• The age at time of death ranged from 10 days to 17 years. Most deaths reviewed were aged under 1 year (N = 7); one of these occurred within the first four weeks of life (neonatal period).

The Panel considered how each child’s death compares to others that have been reviewed previously and whether any common themes or trends emerge. As part of the process, they identify any factors which could be prevented or avoided in future and recommend any changes that need to be made to achieve this. In Barnsley, there were 10 unexpected deaths reviewed in 20/21; of these, 4 cases had at least one modifiable factor.

The modifiable factors identified were in relation to Sudden Unexpected Death of an Infant (SUDI) including parental substance misuse (tobacco, cannabis, alcohol); and the handling of sexual abuse reporting and missed GP appointments.

CDOP has supported actions taken in 2020/21 to help reduce risk factors:

  • Development of local guidance to ensure the child death process, including the rapid response work, could continue safely via virtual means considering the Covid-19 pandemic.
  • Process put in place to ensure that Covid-19 testing has been carried out in all cases prior to transfer for post-mortem. Fortunately, there were no Covid-19 deaths in children during the period covered by this report either directly or indirectly because of the pandemic.
  • Development of a ‘key worker’ process that ensures families are given a single, named point of contact. This person acts as a single point of contact for the bereaved family, who they can turn to for information on the child death review process thereby improving the experience for bereaved families.
  • Development of a “Health Passport” for children with additional needs, to ensure that the ‘passport’ contains the right information relating to the child’s health and communication needs, which will prevent Children and Young People having to update every member of staff when they attend health appointments and improve consistency of care.
  • Mobilisation of a local SUDI Task and Finish Group to implement a local SUDI action plan has focus on raising awareness and skills staff and the public by delivering:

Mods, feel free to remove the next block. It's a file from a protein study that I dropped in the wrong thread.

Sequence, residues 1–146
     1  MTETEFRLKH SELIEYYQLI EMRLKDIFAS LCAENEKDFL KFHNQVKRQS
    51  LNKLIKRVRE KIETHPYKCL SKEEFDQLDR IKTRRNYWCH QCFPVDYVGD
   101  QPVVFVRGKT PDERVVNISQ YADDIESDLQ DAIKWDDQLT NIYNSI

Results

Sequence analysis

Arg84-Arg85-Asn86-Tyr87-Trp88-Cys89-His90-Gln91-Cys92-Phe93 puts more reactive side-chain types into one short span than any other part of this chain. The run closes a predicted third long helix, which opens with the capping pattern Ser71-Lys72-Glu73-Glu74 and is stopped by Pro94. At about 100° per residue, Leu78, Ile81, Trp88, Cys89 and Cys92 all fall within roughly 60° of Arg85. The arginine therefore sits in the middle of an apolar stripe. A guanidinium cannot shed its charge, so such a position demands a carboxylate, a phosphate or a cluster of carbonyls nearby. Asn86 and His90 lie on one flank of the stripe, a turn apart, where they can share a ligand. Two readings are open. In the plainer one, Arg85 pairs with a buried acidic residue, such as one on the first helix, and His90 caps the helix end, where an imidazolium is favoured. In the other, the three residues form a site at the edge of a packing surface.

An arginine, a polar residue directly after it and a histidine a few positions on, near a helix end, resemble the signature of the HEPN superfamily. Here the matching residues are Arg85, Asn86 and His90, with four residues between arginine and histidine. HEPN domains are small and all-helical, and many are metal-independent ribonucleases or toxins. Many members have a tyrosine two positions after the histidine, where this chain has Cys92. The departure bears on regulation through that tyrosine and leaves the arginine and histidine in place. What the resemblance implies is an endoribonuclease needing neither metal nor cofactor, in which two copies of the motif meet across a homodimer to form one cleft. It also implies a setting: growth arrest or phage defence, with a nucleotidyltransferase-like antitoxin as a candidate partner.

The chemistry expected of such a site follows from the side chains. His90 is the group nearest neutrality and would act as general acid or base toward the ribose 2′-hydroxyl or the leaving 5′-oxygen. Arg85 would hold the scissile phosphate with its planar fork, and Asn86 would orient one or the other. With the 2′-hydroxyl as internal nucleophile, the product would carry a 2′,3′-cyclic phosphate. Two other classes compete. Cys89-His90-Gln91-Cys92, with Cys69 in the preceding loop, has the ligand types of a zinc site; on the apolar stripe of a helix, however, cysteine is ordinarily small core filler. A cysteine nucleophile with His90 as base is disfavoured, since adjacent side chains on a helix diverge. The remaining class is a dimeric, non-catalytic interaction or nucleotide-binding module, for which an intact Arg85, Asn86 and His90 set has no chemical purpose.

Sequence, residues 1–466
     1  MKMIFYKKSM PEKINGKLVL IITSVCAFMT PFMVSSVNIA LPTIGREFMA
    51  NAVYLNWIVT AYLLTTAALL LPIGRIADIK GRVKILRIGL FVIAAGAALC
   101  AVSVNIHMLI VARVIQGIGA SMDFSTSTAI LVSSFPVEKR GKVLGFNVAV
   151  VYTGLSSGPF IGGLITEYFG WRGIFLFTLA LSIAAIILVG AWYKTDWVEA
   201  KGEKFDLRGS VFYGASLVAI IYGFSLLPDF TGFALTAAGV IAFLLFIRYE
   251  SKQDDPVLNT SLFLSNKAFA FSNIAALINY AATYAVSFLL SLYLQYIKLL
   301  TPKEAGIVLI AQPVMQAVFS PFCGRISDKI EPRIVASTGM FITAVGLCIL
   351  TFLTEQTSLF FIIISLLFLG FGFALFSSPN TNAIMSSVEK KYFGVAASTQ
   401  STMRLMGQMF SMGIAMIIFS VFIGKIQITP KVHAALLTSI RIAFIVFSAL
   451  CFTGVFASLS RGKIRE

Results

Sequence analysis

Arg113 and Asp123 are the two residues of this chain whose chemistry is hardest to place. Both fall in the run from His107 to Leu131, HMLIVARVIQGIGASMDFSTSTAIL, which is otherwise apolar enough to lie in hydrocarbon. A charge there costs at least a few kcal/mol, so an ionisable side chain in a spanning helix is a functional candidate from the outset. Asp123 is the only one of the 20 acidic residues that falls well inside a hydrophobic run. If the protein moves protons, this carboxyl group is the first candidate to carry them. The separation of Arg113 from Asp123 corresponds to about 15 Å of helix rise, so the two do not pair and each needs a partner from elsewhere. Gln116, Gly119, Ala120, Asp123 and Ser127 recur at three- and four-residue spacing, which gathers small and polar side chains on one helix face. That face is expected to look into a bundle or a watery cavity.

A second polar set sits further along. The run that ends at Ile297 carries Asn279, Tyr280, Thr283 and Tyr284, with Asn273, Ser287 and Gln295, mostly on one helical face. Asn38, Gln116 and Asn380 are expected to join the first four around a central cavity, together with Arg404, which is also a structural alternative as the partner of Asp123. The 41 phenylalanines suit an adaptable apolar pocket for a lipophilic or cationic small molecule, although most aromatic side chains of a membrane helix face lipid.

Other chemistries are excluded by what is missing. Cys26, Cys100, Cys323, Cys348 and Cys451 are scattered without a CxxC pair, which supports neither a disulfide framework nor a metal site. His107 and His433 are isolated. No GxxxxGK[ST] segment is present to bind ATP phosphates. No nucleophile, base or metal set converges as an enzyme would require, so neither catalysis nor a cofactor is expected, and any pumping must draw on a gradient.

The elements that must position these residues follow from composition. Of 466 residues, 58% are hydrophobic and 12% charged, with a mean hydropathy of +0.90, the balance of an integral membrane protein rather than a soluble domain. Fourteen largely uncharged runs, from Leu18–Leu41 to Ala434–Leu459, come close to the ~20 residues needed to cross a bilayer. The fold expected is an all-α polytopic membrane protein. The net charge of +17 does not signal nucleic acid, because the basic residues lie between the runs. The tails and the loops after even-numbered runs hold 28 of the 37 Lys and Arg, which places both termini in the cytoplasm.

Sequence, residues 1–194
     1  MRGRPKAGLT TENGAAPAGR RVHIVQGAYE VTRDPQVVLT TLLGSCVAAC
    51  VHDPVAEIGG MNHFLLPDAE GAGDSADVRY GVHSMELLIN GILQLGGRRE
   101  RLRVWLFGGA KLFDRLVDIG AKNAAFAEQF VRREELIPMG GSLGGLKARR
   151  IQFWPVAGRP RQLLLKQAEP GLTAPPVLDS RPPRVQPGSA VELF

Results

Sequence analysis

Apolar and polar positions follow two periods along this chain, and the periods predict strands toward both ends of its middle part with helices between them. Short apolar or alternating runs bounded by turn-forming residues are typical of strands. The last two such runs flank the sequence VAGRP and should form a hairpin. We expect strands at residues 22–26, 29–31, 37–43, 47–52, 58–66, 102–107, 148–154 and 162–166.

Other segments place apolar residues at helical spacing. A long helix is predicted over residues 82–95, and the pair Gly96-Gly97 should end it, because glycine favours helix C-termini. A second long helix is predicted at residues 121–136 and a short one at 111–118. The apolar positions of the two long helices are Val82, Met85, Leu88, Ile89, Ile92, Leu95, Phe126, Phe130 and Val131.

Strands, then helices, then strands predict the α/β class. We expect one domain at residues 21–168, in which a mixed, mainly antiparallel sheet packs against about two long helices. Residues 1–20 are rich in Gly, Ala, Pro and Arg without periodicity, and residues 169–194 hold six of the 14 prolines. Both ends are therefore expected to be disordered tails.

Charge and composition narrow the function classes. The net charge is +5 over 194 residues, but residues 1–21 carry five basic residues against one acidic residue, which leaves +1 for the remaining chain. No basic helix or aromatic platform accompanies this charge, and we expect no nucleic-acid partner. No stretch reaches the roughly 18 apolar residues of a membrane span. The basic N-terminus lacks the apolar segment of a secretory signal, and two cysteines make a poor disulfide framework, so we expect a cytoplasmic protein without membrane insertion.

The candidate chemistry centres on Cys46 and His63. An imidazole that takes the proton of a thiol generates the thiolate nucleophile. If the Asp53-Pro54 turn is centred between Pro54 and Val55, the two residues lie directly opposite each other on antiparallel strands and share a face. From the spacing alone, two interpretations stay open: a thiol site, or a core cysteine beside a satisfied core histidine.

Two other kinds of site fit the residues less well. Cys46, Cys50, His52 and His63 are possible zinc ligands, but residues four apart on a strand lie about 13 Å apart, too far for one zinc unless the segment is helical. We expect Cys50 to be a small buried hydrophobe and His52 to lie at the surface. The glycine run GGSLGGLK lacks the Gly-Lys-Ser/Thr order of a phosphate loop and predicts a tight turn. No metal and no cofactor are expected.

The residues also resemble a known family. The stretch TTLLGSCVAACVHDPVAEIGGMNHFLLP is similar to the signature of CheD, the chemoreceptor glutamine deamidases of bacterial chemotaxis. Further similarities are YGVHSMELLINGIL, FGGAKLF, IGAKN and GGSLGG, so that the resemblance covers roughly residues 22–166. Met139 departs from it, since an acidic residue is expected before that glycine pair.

• A borough-wide Safe Sleep Communications Plan, this included a radio advert on Hallam FM during Safe Sleep Week 2021, with a reach of 288,848 households.
  • A number of safe sleep briefings have been delivered to partner agencies, including GPs, Social Care, probation, housing, substance misuse services and IDAS. As a result, Social Care include a safe sleep assessment as part of their assessment process, and the promotion of safe sleep practice in their conversations with service users.
  • Completion of an audit of Barnsley cases of Sudden Unexpected Death of an Infant (SUDI) highlighted smoking as a factor in 100% of SUDI has led to the development of an action plan to improve smoking cessation support in the antenatal and postnatal periods to ensure smoke free environments for children and young people.

What we will do - key recommendations for further action 2021/22

  • Delivery of a working group to develop a clear pathway/process around SARC to ensure follow up, especially where child or young person declines. More funding has been secured to run another Safe Sleep campaign for a longer period, so we hope to reach more listeners.
  • Recommunicate “Was Not Brought” process in General Practice and consideration of risks following failed attendances.
  • Training on trauma-informed practice for services working with children and young people.
  • Review and evaluate the key worker process, role and responsibilities, in line with the relevant guidance.

Child Exploitation Strategy Group

Chair - South Yorkshire Police

What we do

The Child Exploitation (CE) Strategy Group is responsible to the Safeguarding Children Partnership for overview of inter-agency working in all areas of CE including Contextual Safeguarding and County Lines. The Strategy Group is also responsible for the development and implementation of the Safeguarding Children Partnership CE Strategy and Work Plan.

What we did